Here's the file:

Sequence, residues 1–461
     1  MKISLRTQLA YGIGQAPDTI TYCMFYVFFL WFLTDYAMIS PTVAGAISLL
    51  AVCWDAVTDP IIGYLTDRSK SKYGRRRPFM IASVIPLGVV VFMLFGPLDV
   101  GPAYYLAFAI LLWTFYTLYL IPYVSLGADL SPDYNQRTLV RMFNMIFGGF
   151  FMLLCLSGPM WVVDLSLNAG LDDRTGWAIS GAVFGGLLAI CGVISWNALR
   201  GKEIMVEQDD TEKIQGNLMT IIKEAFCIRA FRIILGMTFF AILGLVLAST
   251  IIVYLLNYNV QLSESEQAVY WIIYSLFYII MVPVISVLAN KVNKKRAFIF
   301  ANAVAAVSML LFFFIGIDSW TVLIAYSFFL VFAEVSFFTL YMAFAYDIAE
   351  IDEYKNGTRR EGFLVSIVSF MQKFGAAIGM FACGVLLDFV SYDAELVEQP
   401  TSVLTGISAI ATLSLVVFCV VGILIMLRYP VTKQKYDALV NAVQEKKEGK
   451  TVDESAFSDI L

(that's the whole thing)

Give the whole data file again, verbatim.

Sequence, residues 1–461
     1  MKISLRTQLA YGIGQAPDTI TYCMFYVFFL WFLTDYAMIS PTVAGAISLL
    51  AVCWDAVTDP IIGYLTDRSK SKYGRRRPFM IASVIPLGVV VFMLFGPLDV
   101  GPAYYLAFAI LLWTFYTLYL IPYVSLGADL SPDYNQRTLV RMFNMIFGGF
   151  FMLLCLSGPM WVVDLSLNAG LDDRTGWAIS GAVFGGLLAI CGVISWNALR
   201  GKEIMVEQDD TEKIQGNLMT IIKEAFCIRA FRIILGMTFF AILGLVLAST
   251  IIVYLLNYNV QLSESEQAVY WIIYSLFYII MVPVISVLAN KVNKKRAFIF
   301  ANAVAAVSML LFFFIGIDSW TVLIAYSFFL VFAEVSFFTL YMAFAYDIAE
   351  IDEYKNGTRR EGFLVSIVSF MQKFGAAIGM FACGVLLDFV SYDAELVEQP
   401  TSVLTGISAI ATLSLVVFCV VGILIMLRYP VTKQKYDALV NAVQEKKEGK
   451  TVDESAFSDI L